Dramatic video shows Mexican helicopter gunship opening fire on cartel leader in Tepic city!
A chief figure of the Beltran Leyva drug cartel was targeted in a raid by Mexican marines late last week who stormed his heavily fortified compound in the city of Tepic after a helicopter gunship shredded the building with high-calibre minigun fire.
The Federal Interior Department released a statement on Twitter at the weekend that Juan Francisco Patron Sanches, who ran cartel operations in the Pacific-coast state of Nayarit, had been killed in the attack.
A Mexican navy official told AP that Patron and his accomplices had barricaded themselves in the upper floors of the building before opening fire on forces attempting to raid the property.
The helicopter was called in to provide ‘dissuasive fire’.
The use of such a high-powered weapon in an urban environment has been met with protest among Mexican media.
Tepic helicopter attack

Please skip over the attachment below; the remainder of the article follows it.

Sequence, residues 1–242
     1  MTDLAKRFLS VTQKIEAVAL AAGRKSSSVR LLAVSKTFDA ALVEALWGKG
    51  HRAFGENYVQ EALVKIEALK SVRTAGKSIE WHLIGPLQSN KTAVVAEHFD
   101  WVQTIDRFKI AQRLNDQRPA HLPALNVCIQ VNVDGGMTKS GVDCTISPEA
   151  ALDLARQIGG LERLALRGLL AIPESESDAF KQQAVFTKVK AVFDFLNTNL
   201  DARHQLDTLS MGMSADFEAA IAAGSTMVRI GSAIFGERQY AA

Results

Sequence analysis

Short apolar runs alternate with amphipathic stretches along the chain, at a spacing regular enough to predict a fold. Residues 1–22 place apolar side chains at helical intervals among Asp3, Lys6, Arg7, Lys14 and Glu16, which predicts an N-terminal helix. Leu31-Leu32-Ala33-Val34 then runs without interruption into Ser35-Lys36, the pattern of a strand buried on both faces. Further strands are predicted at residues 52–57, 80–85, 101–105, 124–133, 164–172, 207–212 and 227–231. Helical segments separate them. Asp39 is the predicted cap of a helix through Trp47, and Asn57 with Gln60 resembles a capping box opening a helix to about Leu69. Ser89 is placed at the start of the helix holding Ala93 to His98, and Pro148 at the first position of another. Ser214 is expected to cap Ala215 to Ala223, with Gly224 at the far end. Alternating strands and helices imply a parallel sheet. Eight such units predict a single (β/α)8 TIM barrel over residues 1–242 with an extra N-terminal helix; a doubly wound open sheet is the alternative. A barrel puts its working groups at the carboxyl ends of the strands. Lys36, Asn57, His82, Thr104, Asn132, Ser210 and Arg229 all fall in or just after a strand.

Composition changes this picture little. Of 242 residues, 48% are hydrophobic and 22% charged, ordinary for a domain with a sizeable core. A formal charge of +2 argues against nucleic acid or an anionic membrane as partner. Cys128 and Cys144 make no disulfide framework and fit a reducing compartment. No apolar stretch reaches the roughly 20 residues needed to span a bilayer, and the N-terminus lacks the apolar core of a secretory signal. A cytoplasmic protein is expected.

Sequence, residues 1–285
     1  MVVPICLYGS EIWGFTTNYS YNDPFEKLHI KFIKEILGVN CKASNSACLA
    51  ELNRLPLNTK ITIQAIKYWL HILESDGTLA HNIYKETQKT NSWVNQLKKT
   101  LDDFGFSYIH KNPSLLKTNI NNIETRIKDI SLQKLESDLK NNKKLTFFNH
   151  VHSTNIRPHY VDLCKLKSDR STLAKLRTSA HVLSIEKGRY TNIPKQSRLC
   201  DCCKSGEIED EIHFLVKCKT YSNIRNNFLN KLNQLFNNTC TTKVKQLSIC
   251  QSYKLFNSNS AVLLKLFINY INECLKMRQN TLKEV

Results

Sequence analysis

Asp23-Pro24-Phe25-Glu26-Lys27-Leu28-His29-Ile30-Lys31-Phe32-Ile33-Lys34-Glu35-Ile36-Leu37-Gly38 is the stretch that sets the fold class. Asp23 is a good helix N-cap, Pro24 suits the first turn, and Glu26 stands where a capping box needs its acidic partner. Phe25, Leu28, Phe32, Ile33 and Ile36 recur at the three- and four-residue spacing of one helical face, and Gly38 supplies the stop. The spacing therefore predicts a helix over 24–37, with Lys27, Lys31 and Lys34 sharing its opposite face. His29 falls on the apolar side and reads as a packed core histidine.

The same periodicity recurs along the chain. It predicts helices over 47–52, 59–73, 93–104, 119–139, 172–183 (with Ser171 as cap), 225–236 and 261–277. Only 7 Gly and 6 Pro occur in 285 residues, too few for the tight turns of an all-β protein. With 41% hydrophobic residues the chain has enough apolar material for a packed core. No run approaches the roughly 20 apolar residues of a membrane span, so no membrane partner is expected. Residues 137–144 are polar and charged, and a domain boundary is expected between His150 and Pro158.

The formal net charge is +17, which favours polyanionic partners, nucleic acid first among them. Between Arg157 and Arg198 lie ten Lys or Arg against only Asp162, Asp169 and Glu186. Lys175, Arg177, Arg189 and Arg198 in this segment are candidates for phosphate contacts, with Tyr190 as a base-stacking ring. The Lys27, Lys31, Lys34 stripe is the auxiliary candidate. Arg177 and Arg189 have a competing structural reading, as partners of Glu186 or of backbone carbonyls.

But the Mexican navy says its use of the helicopter gunship ‘with the aim of reducing the level of aggression and reducing the risk of civilian or federal casualties’ was within its rules of engagement.
Dramatic footage of the night-time attack has since been distributed by Mexican media.
It appears to show the low-flying helicopter sweeping the scene with its spotlight before pouring gunfire into the Lindavista suburb building.
The governor of Nayarit state praised the armed forces’ “surgical” precision in the gunbattle, and said there had been no civilian casualties. He called the gunbattle “proof that Nayarit is, and will remain, at peace.”
“Yesterday’s events were done to protect and safeguard the citizenry,” Sandoval said. “We had zero civilian losses.”
Members of the same cartel launched their own attack later that day, firing on federal forces at the nearby Tepic airport. Four more cartel members were killed in that attack, Mexican authorities say.
|A bullet ridden sports utility vehicle is taken away by authorities after a gun battle between marines and cartel members in Tepic, Nayarit state, Mexico. Picture: AP|